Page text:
‘Black Bird’ Enters an Unnerving Psychological Labyrinth to Corner a Killer

At first it sounds like a familiar plot in the annals of crime TV and film. A convict is offered the chance to redeem himself if he can help the authorities corner another, much more dangerous criminal. Apple TV’s six-part limited series “Black Bird” is indeed about sending one prisoner after another. It is also so much more. What makes this unique series quite riveting is a serious journey into dark psychological terrain. Acclaimed novelist and screenwriter Dennis Lehane is not weaving fiction here, but taking inspiration from fact. His basis is the book “Black Bird: One Man’s Freedom Hides in Another Man’s Darkness” by James Keene, who was indeed tasked with coaxing a confession out of a serial killer in order to commute his own sentence. Like any good storyteller, Lehane finds searing drama in the facts, exploring how the line can blur between a person and a monster.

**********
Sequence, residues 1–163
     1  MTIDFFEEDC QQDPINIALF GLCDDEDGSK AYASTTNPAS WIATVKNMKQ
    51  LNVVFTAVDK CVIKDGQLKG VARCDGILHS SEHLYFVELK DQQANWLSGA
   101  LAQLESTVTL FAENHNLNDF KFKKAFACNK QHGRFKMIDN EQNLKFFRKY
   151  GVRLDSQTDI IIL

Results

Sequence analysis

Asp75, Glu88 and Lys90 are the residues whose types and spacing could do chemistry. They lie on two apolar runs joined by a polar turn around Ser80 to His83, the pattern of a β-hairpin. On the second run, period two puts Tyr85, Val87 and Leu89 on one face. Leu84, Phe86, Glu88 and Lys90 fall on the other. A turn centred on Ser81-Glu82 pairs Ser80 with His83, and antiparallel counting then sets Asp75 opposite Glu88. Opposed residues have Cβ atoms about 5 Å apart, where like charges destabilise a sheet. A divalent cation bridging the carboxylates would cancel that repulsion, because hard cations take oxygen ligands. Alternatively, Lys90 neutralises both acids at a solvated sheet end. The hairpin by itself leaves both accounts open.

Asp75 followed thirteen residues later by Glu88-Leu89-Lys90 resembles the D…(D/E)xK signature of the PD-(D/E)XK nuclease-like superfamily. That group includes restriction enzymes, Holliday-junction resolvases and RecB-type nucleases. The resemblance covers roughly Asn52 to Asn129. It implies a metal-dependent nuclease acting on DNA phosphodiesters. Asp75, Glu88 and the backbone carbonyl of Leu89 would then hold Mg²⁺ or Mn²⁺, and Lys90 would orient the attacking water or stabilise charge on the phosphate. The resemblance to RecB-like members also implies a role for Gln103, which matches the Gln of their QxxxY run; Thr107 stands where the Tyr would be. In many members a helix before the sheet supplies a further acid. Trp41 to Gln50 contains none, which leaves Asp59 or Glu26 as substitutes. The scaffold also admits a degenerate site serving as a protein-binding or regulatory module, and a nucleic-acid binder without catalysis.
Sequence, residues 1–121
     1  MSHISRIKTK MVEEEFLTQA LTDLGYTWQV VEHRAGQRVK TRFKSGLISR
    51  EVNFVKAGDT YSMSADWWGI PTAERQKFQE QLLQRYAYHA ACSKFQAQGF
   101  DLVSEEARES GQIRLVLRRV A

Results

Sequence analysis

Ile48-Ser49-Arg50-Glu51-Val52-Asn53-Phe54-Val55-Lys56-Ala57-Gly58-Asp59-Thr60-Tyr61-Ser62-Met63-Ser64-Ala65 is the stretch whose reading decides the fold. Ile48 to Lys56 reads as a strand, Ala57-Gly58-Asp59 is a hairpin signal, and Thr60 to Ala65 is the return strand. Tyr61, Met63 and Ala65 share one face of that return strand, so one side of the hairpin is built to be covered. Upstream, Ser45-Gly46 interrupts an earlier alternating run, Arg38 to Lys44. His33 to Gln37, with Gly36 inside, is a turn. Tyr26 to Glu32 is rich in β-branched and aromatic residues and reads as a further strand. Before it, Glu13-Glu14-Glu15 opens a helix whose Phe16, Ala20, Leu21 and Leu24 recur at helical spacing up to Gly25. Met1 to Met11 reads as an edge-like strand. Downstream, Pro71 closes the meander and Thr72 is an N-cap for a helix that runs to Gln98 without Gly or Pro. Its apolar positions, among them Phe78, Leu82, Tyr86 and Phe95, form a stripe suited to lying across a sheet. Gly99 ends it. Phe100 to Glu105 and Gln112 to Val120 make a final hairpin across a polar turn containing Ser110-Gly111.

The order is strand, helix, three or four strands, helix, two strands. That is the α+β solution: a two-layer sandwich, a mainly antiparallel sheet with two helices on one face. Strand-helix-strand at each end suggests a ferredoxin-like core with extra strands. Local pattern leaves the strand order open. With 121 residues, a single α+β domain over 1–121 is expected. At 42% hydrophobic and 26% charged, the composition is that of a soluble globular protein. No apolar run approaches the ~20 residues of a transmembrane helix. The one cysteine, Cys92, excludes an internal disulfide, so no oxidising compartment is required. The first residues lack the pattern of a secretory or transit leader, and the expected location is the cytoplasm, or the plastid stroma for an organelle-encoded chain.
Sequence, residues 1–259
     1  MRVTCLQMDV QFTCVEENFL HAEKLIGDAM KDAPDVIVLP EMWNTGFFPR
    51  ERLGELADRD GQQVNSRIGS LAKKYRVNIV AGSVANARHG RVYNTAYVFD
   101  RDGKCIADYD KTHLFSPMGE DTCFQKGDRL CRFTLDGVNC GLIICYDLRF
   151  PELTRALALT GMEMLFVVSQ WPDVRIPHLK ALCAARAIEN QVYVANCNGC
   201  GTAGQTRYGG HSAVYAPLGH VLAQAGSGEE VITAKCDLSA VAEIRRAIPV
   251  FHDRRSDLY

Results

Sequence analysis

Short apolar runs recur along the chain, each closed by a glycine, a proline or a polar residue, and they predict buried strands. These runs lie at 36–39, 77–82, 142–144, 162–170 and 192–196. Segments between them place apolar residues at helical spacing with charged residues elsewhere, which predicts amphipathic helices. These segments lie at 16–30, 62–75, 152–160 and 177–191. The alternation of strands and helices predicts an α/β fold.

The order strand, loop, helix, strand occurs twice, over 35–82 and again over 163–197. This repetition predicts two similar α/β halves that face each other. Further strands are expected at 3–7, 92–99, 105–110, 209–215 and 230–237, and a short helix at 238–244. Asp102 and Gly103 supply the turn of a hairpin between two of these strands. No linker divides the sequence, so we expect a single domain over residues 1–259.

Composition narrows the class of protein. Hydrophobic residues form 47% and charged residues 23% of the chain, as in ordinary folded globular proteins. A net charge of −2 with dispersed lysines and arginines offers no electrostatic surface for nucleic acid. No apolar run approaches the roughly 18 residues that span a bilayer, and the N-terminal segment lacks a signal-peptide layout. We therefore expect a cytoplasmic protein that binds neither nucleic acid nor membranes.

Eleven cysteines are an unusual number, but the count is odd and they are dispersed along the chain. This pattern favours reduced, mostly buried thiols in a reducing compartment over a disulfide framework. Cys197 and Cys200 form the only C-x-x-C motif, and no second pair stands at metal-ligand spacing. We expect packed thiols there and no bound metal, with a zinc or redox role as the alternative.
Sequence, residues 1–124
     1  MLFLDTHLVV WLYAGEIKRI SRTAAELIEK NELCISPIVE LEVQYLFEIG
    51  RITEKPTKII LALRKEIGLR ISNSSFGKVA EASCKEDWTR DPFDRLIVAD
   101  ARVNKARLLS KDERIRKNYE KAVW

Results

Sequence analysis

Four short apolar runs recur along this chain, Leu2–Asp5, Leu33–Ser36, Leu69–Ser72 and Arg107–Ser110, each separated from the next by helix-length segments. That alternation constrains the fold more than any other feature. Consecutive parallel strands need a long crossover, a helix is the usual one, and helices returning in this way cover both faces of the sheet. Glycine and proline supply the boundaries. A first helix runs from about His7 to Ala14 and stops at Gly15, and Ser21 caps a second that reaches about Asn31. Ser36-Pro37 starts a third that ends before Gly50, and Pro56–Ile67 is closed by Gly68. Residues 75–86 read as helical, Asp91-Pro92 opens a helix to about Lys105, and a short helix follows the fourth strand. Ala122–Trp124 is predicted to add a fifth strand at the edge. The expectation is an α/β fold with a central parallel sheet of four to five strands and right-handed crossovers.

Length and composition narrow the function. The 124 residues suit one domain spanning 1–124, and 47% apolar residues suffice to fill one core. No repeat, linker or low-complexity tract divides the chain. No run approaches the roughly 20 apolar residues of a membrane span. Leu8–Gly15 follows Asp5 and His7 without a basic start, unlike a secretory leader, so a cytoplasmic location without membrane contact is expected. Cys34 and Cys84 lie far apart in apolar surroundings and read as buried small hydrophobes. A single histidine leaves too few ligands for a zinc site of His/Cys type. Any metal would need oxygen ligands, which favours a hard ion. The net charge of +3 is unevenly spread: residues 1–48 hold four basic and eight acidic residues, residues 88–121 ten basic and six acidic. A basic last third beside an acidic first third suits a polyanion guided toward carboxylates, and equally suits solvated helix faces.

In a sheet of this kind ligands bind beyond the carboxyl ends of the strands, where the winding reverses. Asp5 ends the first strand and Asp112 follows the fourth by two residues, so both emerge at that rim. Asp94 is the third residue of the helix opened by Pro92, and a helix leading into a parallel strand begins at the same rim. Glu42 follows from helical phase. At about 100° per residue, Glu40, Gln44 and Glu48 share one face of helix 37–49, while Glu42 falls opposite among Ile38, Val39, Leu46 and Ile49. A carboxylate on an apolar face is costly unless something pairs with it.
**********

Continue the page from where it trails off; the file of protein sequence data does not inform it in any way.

It’s the 1990s and Jimmy Keene (Taron Egerton) is a high school football prospect who has decided to indulge in petty crime. It just seems easier to sell drugs, get women and run guns than to aim for the pros. Soon enough, Jimmy gets arrested and handed down a 10-year sentence. It’s a bitter irony considering Jimmy is the son of a retired cop, Big Jim Keene (the late Ray Liotta in his final role). What hasn’t run out is Jimmy’s luck. He’s approached by FBI agent Lauren McCauley (Sepideh Moafi) with a unique offer out of a thriller.  An incarcerated rapist and killer, Larry Hall (Paul Walter Hauser), might land parole soon. McCauley and the original agent on Hall’s case, Brian Miller (Greg Kinnear), are convinced he is harboring information on many more murders of young women across the Midwest. If Jimmy can get close to Larry and coax him into confessing to the other murders, he can walk free. Jimmy isn’t exactly enthusiastic about the idea but eventually agrees to do it. First, he’s moved to the maximum security prison where Larry is located. Once he meets the killer, getting close to him brings its own emotional dangers.